From January 2024, after much research and feedback, we are excited to be using 'Language Angels' to facilitate the learning of French within our school. Language Angels is a fully comprehensive planning, resource and assessment programme which will enable us to ensure the content, delivery and assessment of our French lessons is pitched to help our children maximise their enjoyment and progress of languages. 


In addition to this, we have a subscription to 'Linguascope' which is a fantastic tool that enables our children to explore French in a motivating, visual and memorable way; they have access to games and activities to consolidate their learning in a huge number of topics and can work at their own pace. This can be accessed at home so please see your child's class teacher if you would like their login details to continue this learning at home (children can access any of the languages on Liguascope, not just French, so they could expand their knowledge of languages even further!). 

Whole School Unit Plan - 2023/2024

Helping with French at home ideas:


Here are some suggestions for ways you can help your child with French at home:


1. Take your child to a museum

France has produced some of the most talented artists, such as Monet and Renoir. Check your local museum’s schedule to see when it is featuring a French-inspired exhibition and enjoy a day out.  Entry to museums is often free.


2. Celebrate French holidays

Celebrating important French holidays, such as Bastille Day, will teach your child about French history. Celebrate by making some fun crafts or taking part in holiday traditions. Similar to the Bonfire Night, the French display fireworks. 


3. Cook a French meal

Familiarise your child with French cuisine by making a traditional French meal, such as quiche and crème brûlée.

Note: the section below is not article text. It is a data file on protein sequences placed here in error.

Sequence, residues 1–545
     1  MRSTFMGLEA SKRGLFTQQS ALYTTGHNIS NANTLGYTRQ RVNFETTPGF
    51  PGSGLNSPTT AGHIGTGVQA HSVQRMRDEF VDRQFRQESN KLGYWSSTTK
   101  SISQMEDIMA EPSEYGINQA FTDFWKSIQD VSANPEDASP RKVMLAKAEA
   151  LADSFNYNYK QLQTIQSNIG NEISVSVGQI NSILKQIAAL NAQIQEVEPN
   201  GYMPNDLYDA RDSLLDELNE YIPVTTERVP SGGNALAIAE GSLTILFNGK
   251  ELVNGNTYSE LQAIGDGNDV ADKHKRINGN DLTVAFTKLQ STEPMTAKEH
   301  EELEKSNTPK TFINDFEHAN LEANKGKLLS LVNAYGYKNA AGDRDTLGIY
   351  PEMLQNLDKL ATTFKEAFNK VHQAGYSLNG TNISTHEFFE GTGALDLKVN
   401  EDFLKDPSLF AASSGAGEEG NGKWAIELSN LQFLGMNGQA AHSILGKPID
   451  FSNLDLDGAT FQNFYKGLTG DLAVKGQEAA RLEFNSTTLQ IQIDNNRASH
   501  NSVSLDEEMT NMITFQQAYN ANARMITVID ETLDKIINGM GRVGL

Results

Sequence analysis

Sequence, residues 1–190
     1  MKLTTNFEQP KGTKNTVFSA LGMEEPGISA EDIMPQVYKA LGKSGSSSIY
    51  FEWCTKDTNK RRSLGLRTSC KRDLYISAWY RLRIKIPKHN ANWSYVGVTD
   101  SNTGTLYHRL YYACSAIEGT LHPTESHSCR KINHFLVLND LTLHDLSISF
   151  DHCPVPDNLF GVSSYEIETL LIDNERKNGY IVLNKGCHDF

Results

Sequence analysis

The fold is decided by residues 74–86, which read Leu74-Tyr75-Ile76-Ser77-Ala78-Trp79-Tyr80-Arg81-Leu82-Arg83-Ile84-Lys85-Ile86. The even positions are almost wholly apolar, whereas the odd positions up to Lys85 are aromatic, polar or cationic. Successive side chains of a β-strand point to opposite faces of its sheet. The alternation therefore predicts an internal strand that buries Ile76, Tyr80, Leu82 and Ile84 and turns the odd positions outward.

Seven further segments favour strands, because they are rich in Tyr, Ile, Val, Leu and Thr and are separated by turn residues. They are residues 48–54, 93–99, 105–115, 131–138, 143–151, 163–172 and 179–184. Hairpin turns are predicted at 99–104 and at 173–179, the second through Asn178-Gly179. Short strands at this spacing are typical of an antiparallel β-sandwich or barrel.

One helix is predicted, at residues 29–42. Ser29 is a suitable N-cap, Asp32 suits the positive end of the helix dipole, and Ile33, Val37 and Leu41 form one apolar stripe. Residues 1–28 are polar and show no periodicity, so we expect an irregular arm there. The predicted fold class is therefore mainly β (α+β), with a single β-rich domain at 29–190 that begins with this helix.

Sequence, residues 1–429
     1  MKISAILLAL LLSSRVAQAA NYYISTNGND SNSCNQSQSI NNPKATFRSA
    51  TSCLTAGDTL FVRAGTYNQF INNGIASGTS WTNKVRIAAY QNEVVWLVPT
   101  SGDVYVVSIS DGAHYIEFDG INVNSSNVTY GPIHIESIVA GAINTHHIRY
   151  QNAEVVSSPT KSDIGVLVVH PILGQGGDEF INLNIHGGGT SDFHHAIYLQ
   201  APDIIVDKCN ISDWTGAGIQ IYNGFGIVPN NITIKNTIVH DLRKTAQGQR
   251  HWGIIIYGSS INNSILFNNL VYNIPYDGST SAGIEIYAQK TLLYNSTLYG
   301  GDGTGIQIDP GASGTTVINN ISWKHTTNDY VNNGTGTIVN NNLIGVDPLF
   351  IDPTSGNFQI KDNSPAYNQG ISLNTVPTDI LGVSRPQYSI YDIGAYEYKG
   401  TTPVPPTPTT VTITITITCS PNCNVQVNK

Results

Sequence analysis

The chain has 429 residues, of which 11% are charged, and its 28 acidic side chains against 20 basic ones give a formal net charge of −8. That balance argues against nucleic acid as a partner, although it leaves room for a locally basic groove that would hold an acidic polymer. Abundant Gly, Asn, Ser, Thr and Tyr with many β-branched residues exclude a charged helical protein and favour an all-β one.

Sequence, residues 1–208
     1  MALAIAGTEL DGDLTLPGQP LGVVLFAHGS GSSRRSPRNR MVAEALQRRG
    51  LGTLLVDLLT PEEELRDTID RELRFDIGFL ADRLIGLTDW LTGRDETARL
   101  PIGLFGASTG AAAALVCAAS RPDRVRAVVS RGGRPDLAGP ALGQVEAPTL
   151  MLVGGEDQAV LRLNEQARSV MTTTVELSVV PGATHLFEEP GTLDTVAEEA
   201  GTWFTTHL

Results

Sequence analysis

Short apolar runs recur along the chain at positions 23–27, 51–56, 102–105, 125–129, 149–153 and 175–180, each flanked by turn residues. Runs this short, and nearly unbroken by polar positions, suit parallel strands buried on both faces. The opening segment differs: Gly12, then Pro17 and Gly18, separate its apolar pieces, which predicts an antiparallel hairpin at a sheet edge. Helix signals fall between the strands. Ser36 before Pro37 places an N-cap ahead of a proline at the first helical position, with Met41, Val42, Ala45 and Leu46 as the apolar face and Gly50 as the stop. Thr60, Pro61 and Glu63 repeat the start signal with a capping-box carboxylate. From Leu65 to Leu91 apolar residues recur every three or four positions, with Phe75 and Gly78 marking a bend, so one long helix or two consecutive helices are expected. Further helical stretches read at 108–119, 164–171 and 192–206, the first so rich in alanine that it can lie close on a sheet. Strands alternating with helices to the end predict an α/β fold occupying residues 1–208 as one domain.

4. Watch a French movie

Fire up Netflix and host a French movie night with your family. Here are some child-friendly French movies you and your child can enjoy: “A Monster in Paris,” “The Red Ballon,” and “Tintin and the Lake of Sharks.”


5. Listen to French music

Do you have a Spotify account? Download some French songs to listen to while at home or on the road. Listening to French music will help familiarise your child with French accents and pronunciations.


6. Puzzles

You can download and print dozens of free French crosswords and word searches for your child. He or she will have fun playing, while simultaneously learning French vocabulary and simple sentences. Keep a stack in the car for long road trips.


7. Memory game

Create some French flashcards and place them face down on a table. Your child will flip over two cards. If the pictures match, your child will flip over two more cards. The point of the game is to match all of the cards from memory.


8.  Colouring books

Purchase a French colouring book; these colouring books will spark your child’s creativity, while helping them learn various vocabulary words and themes.


9.  Read French books

There are lots of beginner French books. Le Petit Prince is one of the most well-known French children’s books. You can find the book in almost any book shop or online.


10. Hangman

This French activity is played exactly like the original Hangman version, except you are using French vocabulary words and phrases instead of English.